Elrod’s work has recently appeared in Bitstreams BitStreams at the Whitney Museum of American Art, New York, 2001; Glee: Painting Now at the Aldrich Museum of Contemporary ArtContemporary Art Museum, Ridgefield, Connecticut, 2000, and The Palm Beach Institute of Contemporary Art, Florida, 2001; and Abstract Painting, Once Removed at the Kemper Museum of Contemporary Art, Kansas City, 1998. His paintings are in the collections of The Museum of Modern Art, New York; the Whitney Museum of American Art, New York; the Walker Art Center, Minneapolis; and the Museum of Contemporary Art, Cleveland. Born in Irving, Texas, the artist currently lives and works in Marfa, Texas, and New York City. FOCUS: Jeff Elrod marks his first solo exhibition in an American museum.

Born 1966, Irving, Texas; lives and works in Marfa, Texas

1991 University of North Texas, Denton, BFA

2008 Jeff Elrod, Leo Koenig Inc., New York
2006–07 Fingers Never Stop, Texas Gallery, Houston
2006 New Paintings, Fredericks & Freiser, New York
2002 Analog Paintings, Leo Koenig Inc., New York
2001 Flatland, Paolo Curti & Co., Milan
Jeff Elrod, Angstrom Gallery, Dallas
2000 New Paintings, Pat Hearn Gallery, New York
1998 The Squarepusher, Chinati Foundation, Marfa
1993 Super Graphix n’ Such, Rijksakademie Gallery, Amsterdam

2007–08 The Incomplete, Chelsea Art Museum, New York
2007 Beneath the Underdog, Gagosian Gallery, New York
New Paintings by Jeff Elrod, Mark Flood, and Jeff Zilm, Marty Walker Gallery, Dallas
2005 Restless, Glassell School of Art, Museum of Fine Arts, Houston
2006 The Name of This Show is Not: Gay Art Now, Paul Kasmin Gallery, New York
2003 Abstract Per Se, Red Dot, New York
2002 New-Economy Painting, ACME, Los Angeles
2001 BitStreams, The Whitney Museum of American Art, New York
2000 Glee: Painting Now, The Aldrich Contemporary Art Museum, Ridgefield
1999 Texas Draws, Contemporary Arts Museum, Houston
1998 Abstract Painting, Once Removed, Contemporary Arts Museum, Houston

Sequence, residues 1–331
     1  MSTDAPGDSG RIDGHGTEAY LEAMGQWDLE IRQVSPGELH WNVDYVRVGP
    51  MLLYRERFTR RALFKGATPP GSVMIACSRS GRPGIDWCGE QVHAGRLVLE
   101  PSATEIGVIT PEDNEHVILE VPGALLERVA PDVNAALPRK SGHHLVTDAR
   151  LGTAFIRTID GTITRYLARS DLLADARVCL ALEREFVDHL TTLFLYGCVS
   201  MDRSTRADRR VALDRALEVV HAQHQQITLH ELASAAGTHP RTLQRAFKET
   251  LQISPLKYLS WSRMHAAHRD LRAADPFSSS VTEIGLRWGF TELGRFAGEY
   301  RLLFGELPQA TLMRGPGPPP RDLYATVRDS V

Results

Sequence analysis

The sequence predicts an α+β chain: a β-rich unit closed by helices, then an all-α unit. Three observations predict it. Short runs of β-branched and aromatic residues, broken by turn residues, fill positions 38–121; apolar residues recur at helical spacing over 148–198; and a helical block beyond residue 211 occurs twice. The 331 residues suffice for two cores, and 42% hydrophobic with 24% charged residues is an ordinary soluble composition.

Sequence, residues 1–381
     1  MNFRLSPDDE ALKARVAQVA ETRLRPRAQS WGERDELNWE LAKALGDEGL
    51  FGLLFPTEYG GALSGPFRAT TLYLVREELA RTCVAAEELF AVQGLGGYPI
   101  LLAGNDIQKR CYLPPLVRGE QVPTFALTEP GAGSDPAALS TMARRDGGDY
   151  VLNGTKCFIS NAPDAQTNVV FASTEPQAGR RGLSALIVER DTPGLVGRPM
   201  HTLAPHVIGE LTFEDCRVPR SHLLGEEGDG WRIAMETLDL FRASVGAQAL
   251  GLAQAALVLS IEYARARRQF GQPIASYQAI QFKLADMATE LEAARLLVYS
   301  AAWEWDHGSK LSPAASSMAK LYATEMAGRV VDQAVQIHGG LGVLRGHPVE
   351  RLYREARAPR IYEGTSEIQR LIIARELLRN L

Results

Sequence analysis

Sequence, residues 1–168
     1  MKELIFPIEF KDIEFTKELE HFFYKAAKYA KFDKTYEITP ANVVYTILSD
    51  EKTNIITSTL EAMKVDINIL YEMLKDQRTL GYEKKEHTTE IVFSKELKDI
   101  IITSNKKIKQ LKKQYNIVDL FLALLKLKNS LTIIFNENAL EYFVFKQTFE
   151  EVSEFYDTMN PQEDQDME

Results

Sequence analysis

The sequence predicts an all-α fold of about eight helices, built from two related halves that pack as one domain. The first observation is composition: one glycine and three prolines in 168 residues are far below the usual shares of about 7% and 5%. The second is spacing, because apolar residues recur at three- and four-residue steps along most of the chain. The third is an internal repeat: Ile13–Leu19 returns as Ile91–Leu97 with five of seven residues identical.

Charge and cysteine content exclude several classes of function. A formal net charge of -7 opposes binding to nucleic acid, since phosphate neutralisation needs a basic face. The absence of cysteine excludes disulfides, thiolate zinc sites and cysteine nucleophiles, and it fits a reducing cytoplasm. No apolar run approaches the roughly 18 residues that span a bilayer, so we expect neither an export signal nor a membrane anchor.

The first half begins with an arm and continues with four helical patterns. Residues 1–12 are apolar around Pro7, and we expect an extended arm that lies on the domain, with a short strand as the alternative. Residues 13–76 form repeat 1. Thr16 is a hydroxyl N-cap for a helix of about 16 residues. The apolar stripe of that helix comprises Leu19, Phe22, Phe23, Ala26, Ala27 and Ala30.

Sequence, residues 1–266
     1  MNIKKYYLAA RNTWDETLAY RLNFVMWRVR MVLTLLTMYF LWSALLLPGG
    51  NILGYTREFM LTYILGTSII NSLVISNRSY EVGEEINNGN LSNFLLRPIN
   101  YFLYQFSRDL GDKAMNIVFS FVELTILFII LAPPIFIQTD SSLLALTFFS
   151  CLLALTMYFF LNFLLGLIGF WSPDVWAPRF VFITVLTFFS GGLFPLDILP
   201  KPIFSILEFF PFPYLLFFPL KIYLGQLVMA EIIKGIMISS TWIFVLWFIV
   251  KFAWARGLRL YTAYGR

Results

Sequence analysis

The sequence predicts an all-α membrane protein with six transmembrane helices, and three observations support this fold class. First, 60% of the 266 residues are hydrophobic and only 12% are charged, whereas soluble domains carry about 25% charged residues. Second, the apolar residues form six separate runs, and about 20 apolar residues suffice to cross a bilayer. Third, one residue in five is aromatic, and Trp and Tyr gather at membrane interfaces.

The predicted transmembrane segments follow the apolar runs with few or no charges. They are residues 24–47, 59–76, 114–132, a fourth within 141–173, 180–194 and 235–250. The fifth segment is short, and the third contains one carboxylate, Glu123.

1996 Hines & His Circle: Tragic Fading Supergraphic, Art of This Century, Houston

The Director’s Council
The Director’s Council was formed in 1985 to assist the Museum with acquisitions. Council members enjoy a varied program of special events, and a portion of the Council’s annual membership dues are donated to an acquisitions fund. The culmination of the season is a Purchase Meeting, at which Council members purchase a work of art for the Modern’s permanent collection. This group provides members with an ambitious, creative approach to understanding collecting in today’s art market. Special events and programs exclusively for the Director’s Council begin each fall.

The Director’s Council FOCUS series features three solo exhibitions organized annually by Curator Andrea Karnes. Each exhibition opens with an exclusive cocktail reception for Council members, an opportunity to meet the featured artist and discuss his or her work. One work by each artist will be chosen to be part of the final Council selections. At the season’s Purchase Meeting, the Council selects one work to enter the Modern’s collection. This format creates an in-depth understanding of the Modern’s acquisitions process and provides a spirited and popular series of events. The annual dues, $525, include all the benefits of a Family membership and invitations to exclusive Director’s Council events.

Modern Art Museum of Fort Worth